Publication Type: Conference Paper/Unpublished Manuscript
Abstract: The present article examines the effect of information seeking role (participation versus observation) on computer-mediated initial interactions in interpersonal and group contexts. The results of both studies indicate that information seeking role and information valence significantly influenced reports of the degree of interactivity (involvement, mutuality) experienced and positivity of relational outcomes forecasted. The communication format moderated the effect of information seeking role on post-interaction uncertainty. Consistent with the principle of interactivity, regression analyses supported the claim that the effect of the structural affordances on initial interaction outcomes was partially mediated by the experiential properties. The implications of the present study for understanding online relationship development are discussed.

2015 - International Communication Association 65th Annual Conference Pages: unavailable || Words: 8893 words || 
Info
5. Shin, Dong-Hee., Lee, Jaegil. and Choi, Myunggoon. "Interactivity Effects on Single-Handed Interaction: An Empirical Investigation of Thumb Movement and Touch-Based Interaction Techniques for Smartphones" Paper presented at the annual meeting of the International Communication Association 65th Annual Conference, Caribe Hilton, San Juan, Puerto Rico, May 21, 2015 Online <APPLICATION/PDF>. 2019-08-19 <http://citation.allacademic.com/meta/p982365_index.html>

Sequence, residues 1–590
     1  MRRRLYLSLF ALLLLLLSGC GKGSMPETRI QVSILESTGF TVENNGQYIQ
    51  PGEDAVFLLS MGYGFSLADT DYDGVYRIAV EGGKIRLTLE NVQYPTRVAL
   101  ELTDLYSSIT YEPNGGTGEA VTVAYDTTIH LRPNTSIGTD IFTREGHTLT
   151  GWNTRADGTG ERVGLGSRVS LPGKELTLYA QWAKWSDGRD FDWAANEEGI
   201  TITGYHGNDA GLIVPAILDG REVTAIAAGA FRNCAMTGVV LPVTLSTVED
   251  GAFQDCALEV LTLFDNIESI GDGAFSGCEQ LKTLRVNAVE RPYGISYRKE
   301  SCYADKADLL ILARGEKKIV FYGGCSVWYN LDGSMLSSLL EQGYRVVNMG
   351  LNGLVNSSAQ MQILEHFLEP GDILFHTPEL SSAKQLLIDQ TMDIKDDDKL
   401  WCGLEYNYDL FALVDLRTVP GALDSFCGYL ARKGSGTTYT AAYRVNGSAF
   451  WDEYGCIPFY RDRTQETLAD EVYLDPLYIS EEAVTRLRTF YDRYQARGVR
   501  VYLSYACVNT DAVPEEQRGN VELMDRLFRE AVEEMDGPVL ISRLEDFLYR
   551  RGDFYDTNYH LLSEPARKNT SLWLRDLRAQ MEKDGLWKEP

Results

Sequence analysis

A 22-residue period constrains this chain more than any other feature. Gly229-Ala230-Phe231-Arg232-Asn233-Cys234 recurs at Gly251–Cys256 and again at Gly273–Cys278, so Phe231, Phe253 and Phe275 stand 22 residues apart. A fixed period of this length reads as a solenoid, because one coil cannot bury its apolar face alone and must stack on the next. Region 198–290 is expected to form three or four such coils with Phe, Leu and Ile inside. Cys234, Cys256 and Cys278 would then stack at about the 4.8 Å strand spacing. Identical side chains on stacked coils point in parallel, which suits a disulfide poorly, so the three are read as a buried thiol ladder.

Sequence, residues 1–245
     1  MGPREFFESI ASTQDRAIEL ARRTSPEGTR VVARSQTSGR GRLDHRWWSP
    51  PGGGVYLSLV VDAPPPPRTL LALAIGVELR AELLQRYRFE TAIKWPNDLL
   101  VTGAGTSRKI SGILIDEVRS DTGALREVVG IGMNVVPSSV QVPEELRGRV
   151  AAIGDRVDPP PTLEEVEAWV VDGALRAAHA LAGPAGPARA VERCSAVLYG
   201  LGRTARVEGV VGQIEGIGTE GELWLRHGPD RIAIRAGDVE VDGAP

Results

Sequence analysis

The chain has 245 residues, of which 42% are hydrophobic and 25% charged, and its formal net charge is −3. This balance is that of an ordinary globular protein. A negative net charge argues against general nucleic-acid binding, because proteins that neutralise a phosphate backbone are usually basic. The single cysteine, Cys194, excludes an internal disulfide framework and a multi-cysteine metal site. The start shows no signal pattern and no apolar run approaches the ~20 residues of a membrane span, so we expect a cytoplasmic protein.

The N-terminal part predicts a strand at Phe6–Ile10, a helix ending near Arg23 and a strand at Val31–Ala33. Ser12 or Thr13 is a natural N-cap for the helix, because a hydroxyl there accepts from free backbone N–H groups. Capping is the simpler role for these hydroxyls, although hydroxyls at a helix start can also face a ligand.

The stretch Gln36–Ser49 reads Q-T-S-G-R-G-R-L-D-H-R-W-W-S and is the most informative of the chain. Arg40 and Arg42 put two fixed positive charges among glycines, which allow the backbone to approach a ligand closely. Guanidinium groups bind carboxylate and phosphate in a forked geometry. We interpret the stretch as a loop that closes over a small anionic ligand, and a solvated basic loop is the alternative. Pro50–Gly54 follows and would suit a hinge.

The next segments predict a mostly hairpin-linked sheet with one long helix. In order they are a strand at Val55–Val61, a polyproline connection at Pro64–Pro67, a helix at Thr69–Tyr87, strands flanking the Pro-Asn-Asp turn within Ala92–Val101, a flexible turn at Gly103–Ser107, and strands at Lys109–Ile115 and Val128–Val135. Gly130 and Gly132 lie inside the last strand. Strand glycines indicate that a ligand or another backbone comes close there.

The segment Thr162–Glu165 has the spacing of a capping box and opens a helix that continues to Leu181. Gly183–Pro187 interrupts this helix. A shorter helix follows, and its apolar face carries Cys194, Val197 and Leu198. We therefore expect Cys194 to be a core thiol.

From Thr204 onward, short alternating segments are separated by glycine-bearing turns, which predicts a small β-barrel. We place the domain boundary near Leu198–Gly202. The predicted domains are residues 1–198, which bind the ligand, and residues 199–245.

Publication Type: Conference Paper/Unpublished Manuscript
Review Method: Peer Reviewed
Abstract: The purpose of this study was to examine the effects of interaction techniques (e.g., swiping and tapping) and the range of thumb movements on interactivity, engagement, attitude, and behavioral intention in single-handed interaction by focusing on interactions with mobile devices such as smartphones. This study adopted the perspective of the hybrid definition of interactivity, which includes the interactivity effect outcomes mediated by perceived interactivity. A 2 (Technological features: swiping and tapping) x 2 (Range of thumb movement: wide and narrow) between-participant experiment was conducted. The results showed the ranges of thumb movement to have significant effects on perceived interactivity, engagement, attitude, and behavioral intention, whereas no effects were observed for interaction techniques. Narrow range of thumb movement had more influence on the interactivity outcomes, rather than a wide range of thumb movement. The implications of the finding were discussed.